The difficult economic times have "further deteriorated” the Medicare Trust Fund and the program that pays for Part A hospital services will be exhausted by 2017 unless there is "prompt action" to safeguard the program, according to a report released today by the Medicare Board of Trustees.
The Part A fund will be exhausted two years earlier than the trustees predicted in last year's report because of "much lower projected payroll tax income as a result of the recession."
"Total Medicare expenditures were $468 billion in 2008 and are expected to increase in future years at a faster pace than either workers’ earnings or the economy overall," the report says.
"These projections demonstrate the need for timely and effective action to address Medicare's financial challenges" with consideration of reforms "in the relatively near future. The sooner the solutions are enacted, the more flexible and gradual they can be."
Health and Human Services Secretary Kathleen Sebelius said the report "should trouble anyone who is concerned about the future of Medicare and healthcare in America." She calls it "a wake-up call for everyone who is concerned about Medicare and the health of our economy."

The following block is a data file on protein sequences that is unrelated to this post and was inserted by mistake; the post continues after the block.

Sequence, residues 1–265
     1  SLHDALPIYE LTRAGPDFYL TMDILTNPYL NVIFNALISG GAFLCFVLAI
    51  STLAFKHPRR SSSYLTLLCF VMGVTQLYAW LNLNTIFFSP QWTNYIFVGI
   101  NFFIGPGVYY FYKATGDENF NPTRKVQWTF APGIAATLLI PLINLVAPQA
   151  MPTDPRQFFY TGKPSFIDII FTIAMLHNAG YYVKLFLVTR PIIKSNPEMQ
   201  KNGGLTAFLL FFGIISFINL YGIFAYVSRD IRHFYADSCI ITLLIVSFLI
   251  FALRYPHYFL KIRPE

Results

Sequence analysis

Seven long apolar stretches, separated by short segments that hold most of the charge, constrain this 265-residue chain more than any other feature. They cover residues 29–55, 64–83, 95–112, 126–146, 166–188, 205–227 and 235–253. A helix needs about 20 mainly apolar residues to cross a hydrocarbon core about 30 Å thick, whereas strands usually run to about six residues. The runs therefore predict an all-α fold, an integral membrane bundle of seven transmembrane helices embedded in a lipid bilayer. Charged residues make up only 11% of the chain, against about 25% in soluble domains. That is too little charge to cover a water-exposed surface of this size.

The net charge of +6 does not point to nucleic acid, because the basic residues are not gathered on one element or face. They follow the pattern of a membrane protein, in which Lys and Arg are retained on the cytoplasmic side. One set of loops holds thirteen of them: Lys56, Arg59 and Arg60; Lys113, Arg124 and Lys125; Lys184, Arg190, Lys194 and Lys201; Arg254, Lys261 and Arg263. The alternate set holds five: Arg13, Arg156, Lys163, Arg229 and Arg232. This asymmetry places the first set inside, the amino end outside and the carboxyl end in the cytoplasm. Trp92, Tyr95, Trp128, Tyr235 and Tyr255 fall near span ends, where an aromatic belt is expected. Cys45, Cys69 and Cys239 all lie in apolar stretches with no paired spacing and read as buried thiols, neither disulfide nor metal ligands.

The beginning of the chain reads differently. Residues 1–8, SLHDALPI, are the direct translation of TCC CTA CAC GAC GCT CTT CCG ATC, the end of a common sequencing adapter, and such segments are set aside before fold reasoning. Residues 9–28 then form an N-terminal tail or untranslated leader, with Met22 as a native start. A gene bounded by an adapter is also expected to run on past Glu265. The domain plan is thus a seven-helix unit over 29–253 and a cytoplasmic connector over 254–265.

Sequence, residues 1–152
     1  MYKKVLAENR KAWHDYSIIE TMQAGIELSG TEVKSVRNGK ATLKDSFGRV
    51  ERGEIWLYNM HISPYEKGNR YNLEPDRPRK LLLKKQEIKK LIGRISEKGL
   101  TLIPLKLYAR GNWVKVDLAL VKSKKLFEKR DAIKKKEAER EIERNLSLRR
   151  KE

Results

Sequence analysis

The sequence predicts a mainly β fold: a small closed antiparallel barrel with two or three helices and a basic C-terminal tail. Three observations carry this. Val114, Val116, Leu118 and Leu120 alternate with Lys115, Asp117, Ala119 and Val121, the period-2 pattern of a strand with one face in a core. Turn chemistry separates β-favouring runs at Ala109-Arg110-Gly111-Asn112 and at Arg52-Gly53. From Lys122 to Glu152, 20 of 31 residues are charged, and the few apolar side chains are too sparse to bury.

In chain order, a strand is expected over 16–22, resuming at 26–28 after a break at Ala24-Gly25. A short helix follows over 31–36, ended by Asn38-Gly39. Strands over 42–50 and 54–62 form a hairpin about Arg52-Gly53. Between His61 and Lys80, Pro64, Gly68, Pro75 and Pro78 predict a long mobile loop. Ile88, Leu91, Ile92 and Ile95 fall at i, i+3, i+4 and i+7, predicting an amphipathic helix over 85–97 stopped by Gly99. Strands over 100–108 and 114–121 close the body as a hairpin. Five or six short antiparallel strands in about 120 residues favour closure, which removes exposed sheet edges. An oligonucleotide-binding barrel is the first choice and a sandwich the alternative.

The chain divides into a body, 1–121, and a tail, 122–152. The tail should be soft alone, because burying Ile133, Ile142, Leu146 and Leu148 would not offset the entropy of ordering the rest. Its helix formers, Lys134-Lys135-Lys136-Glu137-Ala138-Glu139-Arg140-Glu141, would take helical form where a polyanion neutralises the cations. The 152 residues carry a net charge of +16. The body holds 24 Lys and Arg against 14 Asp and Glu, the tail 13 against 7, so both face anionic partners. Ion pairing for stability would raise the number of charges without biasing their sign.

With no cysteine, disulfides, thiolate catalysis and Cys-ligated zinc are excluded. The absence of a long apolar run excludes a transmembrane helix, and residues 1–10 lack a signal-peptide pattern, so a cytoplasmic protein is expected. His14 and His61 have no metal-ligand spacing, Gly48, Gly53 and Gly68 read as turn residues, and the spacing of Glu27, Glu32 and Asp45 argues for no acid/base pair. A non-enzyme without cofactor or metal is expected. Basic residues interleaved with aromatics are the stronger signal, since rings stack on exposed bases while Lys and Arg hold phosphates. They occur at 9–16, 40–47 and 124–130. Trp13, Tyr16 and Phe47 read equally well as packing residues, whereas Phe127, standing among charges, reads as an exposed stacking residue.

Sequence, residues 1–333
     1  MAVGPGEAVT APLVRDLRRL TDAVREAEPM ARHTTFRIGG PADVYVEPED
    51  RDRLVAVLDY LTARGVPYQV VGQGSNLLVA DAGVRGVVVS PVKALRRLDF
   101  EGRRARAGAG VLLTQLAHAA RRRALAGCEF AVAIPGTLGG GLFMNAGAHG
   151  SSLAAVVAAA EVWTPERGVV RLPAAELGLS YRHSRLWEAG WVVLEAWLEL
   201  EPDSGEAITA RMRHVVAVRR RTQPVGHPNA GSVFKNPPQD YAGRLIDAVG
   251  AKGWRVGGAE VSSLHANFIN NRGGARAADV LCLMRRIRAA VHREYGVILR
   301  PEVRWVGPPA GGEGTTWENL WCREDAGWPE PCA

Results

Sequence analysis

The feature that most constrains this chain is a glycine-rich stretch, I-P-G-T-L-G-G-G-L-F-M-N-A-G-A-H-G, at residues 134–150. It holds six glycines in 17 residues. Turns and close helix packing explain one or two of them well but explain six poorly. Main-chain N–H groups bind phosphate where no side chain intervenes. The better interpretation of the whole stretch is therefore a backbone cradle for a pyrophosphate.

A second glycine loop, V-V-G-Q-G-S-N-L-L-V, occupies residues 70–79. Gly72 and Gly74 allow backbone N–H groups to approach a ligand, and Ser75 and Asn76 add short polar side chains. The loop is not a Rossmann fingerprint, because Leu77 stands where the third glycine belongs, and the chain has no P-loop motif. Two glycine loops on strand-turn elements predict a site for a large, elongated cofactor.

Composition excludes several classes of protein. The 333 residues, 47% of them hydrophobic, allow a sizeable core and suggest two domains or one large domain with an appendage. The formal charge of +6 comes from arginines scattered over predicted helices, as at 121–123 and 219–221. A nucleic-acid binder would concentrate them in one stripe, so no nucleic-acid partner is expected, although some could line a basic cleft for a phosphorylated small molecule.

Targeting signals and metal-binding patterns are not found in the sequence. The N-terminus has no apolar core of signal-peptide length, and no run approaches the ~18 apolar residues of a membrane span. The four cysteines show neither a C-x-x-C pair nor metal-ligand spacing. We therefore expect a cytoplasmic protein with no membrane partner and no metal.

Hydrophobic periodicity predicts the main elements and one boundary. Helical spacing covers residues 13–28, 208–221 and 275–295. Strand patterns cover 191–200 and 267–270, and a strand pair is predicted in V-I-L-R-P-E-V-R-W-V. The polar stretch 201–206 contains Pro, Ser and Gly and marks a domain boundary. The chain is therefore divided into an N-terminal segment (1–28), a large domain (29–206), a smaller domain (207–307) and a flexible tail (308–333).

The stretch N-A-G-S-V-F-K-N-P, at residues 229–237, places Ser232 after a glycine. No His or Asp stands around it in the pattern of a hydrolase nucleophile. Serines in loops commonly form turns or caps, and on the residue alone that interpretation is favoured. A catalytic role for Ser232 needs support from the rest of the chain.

She says the Obama administration "isn't just worrying; we're doing something about it," and called for actions that "go beyond the cost-savings policies in the President's budget. The only way to slow Medicare spending is to slow overall health system spending through comprehensive and carefully crafted legislation."
One key, she says, is to "fix what's broken in the rest of the system" by assuring better healthcare for uninsured Americans before they are eligible for Medicare. Part of the problem today, she says, is that when seniors and the uninsured do become eligible, "they are less healthy and cost the system more."
She adds, "Reform can't wait. All of us in the administration look forward to working with Congress to make reform a reality."
Approximately 45.2 million people are covered by Medicare: 37.8 million aged 65 and older, and 7.4 million disabled.